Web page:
Those 4 hours in the cinema have nearly made the whole trip worthwhile on their own.

Day 87 - The Day I Saw the Fellowship Broken ------ Things I learned today: 1) Saying goodbye to friends does not get easier with practice 2) I'e never been dreading Christmas more than this year 3) I'm very relieved I get to spend it with my new friends

Because the tour spans Christmas it's always been split into two distinct sections, the North Island tour and the South Island tour. This allows those people who don't want to (or can't) stay on the tour over Christmas to only do the North Island portion, which finishes today. Once again I found myself saying goodbye to people I've only known a few days but I count among my friends. It doesn't get any easier with practice and no matter how well you brace yourself for it coming up it still hits you. I'm very glad though that at least half of the tour group is staying on for the Christmas leg of the tour because it means I will be with friends, even if I have to spend the holiday period away from home.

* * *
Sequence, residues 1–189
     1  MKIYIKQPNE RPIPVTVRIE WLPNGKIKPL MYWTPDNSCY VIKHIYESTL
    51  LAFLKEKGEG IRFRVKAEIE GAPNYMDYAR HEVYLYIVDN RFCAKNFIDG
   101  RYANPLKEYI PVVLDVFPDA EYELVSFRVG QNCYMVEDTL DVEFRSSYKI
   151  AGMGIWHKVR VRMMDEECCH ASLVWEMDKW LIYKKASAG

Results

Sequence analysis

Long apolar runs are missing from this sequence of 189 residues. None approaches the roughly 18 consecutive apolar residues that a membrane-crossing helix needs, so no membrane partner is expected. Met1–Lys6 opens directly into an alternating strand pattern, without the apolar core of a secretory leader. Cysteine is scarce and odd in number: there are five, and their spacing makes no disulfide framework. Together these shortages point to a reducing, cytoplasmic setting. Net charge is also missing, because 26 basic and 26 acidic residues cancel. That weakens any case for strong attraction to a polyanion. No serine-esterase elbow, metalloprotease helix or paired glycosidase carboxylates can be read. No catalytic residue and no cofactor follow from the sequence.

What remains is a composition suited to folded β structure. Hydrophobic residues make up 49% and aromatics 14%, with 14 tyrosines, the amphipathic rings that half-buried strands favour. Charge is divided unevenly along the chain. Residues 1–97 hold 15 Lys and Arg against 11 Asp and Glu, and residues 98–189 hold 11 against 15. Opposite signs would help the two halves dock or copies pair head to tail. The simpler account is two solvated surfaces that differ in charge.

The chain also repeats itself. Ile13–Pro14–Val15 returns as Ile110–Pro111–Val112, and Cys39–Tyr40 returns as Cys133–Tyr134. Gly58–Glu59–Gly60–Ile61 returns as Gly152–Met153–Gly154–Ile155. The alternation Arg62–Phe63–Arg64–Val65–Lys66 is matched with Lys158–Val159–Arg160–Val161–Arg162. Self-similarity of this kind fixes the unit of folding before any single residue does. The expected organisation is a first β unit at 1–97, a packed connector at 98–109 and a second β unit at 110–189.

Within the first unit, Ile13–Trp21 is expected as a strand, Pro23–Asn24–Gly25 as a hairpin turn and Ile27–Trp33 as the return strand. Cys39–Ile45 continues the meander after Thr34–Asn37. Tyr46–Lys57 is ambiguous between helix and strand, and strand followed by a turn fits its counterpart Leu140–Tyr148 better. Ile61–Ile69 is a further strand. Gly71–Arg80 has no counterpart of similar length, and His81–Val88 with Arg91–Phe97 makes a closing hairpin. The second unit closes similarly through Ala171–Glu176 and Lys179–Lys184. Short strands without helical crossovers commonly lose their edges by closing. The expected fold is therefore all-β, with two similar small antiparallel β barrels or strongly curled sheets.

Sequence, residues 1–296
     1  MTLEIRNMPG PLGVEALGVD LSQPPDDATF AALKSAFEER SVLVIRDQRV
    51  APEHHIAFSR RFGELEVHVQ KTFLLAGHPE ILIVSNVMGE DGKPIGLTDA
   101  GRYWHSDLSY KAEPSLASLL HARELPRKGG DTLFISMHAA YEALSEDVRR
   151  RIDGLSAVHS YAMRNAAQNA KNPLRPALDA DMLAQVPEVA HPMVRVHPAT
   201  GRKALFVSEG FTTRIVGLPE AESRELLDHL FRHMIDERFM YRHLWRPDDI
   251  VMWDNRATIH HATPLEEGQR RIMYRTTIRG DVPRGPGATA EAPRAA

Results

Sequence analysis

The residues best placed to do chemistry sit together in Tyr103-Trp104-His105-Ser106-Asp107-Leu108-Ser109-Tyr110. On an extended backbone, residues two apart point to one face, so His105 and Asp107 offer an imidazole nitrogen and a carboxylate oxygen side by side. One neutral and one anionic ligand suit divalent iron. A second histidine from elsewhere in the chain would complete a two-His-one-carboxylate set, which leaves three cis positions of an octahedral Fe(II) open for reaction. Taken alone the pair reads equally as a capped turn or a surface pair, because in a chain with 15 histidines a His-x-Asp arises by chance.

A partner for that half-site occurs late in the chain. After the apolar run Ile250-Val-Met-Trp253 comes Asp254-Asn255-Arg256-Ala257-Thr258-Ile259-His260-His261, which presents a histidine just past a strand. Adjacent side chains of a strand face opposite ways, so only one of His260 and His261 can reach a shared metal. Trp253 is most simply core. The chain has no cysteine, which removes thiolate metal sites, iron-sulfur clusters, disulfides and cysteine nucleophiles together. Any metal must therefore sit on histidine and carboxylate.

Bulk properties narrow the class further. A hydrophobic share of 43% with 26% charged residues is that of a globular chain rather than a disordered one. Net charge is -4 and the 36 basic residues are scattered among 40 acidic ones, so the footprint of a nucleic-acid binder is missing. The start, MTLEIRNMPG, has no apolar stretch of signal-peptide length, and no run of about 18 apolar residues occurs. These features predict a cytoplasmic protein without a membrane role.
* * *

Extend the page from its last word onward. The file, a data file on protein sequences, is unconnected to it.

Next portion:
The tour goes on though and we're not even half way there yet. This morning Vic has arranged for us to be the first of the general public to get in and see the lengthily titled "The Lord of the Rings Trilogy: The Exhibition" at New Zealand's national museum called Te Papa. This is the first leg of its round the world tour and anyone who gets a chance should definately try and visit it.